Some remarkable things revealed themselves: floating overhead the picture morphed into a completely fresh image, unencumbered by accuracy and correctness. Let me explain: we are accustomed to the terrestrial world with a horizon, we gape up at skyscrapers in Manhattan or peer down into the Grand Canyon, but from the safety of our horizon-based world – terra-firma. Everything is related to the horizon, our level, our balance.  We might look out of the window of an aircraft at 35,000 feet but always with the horizon to give us a fixed point: remove that horizon and we suffer from vertigo, dizziness and disorientation. Looking up at a ceiling painting we can feel the ability to fly into it and soar like a bird, freely but with our feet still firmly on the ground.

Given freedom from our earthbound horizons we loosen our reliance on accuracy and on truth. We can twist and turn to look at this view from varying angles without questioning, simply enjoying the gift of flight, at least momentarily. We are looking at a picture which is not a view in the conventional sense, more of a virtual reality which we can enjoy without cynicism, not requiring the affirmation of being ‘correct’.  As a representational painter I find this departure very exciting.

So what of this image on the ceiling? At worst it’ll be a talking point, a curiosity: maybe it’ll challenge the condemnation of representational art as somehow shallow and passé. Maybe it’ll start a trend. I would hope it might encourage other enlightened patrons to ask me to do more, far larger ceilings to be installed in places where they can be seen by the world.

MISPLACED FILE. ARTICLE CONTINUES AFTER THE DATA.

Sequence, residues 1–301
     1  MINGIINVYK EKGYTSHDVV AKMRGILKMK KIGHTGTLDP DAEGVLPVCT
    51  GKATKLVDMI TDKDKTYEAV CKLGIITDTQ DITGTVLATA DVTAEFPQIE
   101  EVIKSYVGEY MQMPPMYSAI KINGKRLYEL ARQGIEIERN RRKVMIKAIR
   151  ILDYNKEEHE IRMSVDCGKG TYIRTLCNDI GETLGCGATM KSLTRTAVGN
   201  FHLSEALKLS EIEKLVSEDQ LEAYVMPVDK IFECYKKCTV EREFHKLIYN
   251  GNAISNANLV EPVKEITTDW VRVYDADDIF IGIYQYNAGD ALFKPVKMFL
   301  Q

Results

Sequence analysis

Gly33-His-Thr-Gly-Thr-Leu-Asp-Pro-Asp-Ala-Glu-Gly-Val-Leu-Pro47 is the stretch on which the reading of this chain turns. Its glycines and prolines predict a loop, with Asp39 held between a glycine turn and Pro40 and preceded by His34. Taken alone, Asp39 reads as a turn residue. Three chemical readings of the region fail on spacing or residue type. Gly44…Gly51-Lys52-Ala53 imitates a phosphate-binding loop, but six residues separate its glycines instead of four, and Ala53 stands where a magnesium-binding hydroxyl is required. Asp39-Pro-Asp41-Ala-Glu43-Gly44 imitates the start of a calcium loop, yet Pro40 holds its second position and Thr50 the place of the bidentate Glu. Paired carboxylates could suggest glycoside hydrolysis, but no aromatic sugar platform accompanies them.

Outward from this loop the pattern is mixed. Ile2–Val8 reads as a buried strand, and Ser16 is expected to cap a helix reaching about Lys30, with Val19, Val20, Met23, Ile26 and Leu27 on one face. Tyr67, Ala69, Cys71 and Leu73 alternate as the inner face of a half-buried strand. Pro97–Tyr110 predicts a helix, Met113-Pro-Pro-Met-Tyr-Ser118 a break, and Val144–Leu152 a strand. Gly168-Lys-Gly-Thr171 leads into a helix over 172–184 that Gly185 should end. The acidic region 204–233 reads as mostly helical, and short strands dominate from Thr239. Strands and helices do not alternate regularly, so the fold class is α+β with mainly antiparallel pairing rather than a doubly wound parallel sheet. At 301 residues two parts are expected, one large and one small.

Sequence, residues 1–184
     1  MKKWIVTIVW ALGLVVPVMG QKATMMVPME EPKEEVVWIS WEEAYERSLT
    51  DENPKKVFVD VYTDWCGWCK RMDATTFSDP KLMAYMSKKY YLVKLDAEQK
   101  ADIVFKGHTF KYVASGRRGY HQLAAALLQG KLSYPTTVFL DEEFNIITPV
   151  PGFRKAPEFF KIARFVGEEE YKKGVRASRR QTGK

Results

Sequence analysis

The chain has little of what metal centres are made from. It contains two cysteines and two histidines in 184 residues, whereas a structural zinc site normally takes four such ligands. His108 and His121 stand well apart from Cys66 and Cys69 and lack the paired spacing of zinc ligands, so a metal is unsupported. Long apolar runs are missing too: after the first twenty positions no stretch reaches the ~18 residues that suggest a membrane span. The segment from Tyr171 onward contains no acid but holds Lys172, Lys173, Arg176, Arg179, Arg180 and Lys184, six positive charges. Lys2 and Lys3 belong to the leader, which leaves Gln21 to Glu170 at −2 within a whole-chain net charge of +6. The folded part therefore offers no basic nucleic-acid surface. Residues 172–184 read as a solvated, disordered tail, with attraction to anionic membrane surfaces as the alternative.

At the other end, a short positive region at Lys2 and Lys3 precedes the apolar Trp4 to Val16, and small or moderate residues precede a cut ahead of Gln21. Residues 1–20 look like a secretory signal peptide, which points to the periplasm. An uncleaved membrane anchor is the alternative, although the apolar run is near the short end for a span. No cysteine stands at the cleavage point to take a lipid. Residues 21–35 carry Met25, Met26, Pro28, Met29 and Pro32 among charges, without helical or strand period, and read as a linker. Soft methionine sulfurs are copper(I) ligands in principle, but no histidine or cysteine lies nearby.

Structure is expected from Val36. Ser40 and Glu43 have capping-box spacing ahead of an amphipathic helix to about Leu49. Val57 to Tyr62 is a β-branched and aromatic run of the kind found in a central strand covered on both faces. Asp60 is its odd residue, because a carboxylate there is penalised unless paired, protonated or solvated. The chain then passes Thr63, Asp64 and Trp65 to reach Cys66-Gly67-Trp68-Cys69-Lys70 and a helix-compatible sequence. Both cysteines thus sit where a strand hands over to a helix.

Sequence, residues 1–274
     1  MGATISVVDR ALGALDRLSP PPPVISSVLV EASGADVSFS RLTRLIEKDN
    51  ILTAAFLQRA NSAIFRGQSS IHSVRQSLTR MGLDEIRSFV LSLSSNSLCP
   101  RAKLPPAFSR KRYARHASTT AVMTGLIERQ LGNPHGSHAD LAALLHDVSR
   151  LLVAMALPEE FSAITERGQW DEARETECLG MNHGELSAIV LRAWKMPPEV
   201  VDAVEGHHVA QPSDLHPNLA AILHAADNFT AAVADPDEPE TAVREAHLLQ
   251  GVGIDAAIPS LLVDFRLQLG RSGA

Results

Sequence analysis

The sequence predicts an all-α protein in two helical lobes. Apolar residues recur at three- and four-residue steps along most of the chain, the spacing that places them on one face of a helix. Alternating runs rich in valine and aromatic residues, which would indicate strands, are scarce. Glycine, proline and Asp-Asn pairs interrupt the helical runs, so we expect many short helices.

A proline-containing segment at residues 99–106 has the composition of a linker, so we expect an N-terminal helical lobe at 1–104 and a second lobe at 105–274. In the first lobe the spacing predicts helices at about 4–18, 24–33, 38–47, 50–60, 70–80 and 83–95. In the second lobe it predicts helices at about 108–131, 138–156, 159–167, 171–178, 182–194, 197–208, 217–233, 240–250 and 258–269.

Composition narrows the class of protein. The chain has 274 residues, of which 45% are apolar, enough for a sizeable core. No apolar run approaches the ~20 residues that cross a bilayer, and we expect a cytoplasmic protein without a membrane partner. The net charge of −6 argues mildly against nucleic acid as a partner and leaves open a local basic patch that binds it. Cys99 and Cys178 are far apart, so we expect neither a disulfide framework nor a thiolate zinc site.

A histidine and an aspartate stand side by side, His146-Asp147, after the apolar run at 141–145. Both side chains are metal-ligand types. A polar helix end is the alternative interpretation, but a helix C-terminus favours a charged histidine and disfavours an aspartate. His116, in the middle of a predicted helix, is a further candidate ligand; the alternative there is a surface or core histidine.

Under the archway furthest from the sun in the painting, a cartouche bears the following inscription:

“Beviamo profondamente dal pozzo della tradizione e nutriremo l’arte del futuro”
(tr. “We drink from the well of tradition to nourish the art of tomorrow”)

The sentiment is entirely mine and the observant viewer may recognise a veiled reference to Andrea Pozzo whose huge fresco ‘The Apotheosis of S Ignazio’ adorns the nave vault of a church close by the Pantheon in Rome, which provided me with the inspiration and model for this painting, together with the courage even to imagine that I could actually achieve it.

I would be delighted if you forward this to anyone who would value the message or who might simply enjoy the painting.

With best wishes for a very Merry Christmas and a Happy New Year, and many thanks to those who have encouraged me through a difficult year.

Alexander Creswell, Christmas 2014

Chaos in The Studio: ‘The Silent Piano’

The Silent Piano, watercolour on paper 22 x 30 inches

This forlorn and chaotic image gives a fairly accurately impression of how life in the Creswell household has been over recent months. Not the sadness and the silence, but the general chaos and absence of harmony: since the beginning of January we have had builders in our house, creating a glorious new studio space for me out of the anarchy of demolition. This also goes some way to explain the absence of a Painting of the Month for February.